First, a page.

Shoot first. Ask Questions Later.

This is pretty much my approach to teaching martial arts.

"Shoot first. Ask Questions later." It is description of American pragmatism. We get the job done, and then we figure out how to explain it.

I've been listening to woefully inadequate explanations of the origins of Chinese Martial Arts all of my life. I started this blog largely to express what half a lifetime of study has revealed about those origins, so I'm not surprised that I've got people saying I'm wrong.

The first question that has to be answered is a tough one and will probably take me at least 10 postings:  Why did Chinese culture create Martial Arts, when no other culture did this? (I plan to stand by this outrageous statement and I will deal with the exceptions in  in a future posting--they are Indonesia, Cochin-India, Muay-Thai, Korea and Japan.  I've already dealt with Africa in my videos.)
The term "cultivate qi" is used in Daoism a lot, to some extent in martial arts, less so in TCM (Traditional Chinese Medicine), and for practically everything in qigong.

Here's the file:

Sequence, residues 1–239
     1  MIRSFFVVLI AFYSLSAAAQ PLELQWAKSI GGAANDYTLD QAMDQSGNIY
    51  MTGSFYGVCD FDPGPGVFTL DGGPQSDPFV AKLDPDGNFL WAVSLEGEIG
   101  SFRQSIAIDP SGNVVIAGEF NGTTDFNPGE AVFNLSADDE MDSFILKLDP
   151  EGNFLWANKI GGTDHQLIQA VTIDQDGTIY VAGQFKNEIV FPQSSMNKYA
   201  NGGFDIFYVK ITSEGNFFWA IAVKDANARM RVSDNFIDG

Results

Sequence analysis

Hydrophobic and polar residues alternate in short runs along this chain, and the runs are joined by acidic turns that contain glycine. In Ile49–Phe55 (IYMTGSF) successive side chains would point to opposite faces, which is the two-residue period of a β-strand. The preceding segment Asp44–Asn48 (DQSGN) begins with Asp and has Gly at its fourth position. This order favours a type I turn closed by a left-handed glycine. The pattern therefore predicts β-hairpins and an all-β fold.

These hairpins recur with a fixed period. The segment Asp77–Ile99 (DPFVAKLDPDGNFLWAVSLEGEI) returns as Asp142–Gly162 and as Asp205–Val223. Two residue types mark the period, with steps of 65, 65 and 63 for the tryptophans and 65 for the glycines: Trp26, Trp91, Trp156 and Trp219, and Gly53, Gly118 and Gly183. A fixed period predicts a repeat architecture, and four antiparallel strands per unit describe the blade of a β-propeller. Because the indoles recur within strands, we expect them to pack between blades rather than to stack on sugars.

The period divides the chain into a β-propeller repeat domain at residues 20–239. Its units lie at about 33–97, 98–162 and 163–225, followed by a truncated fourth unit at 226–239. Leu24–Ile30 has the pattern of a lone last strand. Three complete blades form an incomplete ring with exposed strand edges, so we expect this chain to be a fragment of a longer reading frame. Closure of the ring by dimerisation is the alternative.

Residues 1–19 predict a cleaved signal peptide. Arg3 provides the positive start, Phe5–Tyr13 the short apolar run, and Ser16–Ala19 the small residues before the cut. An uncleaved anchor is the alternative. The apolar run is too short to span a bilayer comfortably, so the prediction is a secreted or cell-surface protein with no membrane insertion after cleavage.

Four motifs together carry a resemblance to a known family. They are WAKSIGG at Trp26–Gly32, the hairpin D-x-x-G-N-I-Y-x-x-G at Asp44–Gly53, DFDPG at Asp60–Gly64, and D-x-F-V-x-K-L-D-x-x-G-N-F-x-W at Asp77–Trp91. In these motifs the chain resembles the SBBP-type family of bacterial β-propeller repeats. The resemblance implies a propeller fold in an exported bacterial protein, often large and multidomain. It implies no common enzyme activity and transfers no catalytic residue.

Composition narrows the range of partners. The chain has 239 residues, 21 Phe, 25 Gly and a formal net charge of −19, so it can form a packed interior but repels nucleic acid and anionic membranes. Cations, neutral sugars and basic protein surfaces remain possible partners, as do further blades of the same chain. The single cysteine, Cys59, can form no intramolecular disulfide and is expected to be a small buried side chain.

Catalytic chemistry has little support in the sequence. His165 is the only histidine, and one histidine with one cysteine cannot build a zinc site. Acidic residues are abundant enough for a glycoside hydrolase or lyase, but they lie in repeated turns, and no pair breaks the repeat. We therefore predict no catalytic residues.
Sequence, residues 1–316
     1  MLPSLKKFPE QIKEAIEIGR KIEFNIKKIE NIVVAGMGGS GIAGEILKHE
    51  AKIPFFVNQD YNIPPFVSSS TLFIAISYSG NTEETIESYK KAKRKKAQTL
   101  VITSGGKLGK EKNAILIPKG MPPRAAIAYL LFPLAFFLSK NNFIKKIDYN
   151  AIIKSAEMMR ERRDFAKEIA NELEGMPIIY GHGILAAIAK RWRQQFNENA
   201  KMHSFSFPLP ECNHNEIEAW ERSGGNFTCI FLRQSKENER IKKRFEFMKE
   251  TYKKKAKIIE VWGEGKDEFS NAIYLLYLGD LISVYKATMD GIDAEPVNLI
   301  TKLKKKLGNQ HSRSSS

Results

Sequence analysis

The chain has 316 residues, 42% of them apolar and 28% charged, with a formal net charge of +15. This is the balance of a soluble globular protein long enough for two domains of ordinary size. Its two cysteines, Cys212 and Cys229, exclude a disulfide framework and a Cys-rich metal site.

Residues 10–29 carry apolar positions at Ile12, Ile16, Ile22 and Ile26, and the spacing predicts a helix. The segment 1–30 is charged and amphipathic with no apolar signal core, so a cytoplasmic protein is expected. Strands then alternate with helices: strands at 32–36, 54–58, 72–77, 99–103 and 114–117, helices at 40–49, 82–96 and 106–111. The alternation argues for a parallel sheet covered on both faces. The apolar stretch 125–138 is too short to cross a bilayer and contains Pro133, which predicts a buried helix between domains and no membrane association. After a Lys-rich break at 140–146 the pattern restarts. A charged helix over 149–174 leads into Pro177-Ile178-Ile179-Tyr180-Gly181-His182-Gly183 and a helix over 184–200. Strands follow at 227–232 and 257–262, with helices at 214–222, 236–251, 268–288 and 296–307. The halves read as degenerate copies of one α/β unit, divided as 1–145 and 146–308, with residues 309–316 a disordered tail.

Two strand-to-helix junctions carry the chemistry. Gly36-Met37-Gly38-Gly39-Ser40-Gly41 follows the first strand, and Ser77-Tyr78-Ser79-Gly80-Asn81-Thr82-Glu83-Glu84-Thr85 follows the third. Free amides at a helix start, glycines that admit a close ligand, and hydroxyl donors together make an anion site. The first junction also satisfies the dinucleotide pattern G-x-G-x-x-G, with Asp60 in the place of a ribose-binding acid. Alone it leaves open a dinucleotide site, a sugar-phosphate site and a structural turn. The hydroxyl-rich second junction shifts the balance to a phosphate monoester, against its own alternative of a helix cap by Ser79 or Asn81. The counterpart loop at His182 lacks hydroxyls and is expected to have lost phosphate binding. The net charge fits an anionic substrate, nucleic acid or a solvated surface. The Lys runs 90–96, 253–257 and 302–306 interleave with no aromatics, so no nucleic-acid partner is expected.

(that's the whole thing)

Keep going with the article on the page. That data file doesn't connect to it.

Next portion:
I asked my future wife(?) who is an Acupuncturist, what she thought "cultivating qi" meant? Her answer, "Live Free, or Die Hard!" Which we both saw and loved.

To 'cultivate qi' means to do experiments which reveal your true nature (de). This of course can be contrasted with experiments which obscure your true nature.

But this poses the question, what is your true nature? The Chinese term 'true nature' is de, which has many different translations because it actually means a whole bunch of really different things. For instance, in Confucius Analect's, it is usually translated "virtue." It was on the basis of this translation that European Enlightenment thinkers were able to argue that a non-Christian could be virtuous, and thus fully human.